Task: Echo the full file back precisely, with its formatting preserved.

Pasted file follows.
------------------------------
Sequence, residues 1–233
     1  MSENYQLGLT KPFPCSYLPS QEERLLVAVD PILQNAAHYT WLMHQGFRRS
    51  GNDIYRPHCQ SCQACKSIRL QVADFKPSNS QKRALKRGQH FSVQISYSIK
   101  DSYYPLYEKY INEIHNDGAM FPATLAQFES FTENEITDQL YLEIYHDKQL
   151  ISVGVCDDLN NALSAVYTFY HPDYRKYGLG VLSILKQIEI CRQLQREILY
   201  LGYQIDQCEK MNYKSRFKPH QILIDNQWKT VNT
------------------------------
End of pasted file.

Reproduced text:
Sequence, residues 1–233
     1  MSENYQLGLT KPFPCSYLPS QEERLLVAVD PILQNAAHYT WLMHQGFRRS
    51  GNDIYRPHCQ SCQACKSIRL QVADFKPSNS QKRALKRGQH FSVQISYSIK
   101  DSYYPLYEKY INEIHNDGAM FPATLAQFES FTENEITDQL YLEIYHDKQL
   151  ISVGVCDDLN NALSAVYTFY HPDYRKYGLG VLSILKQIEI CRQLQREILY
   201  LGYQIDQCEK MNYKSRFKPH QILIDNQWKT VNT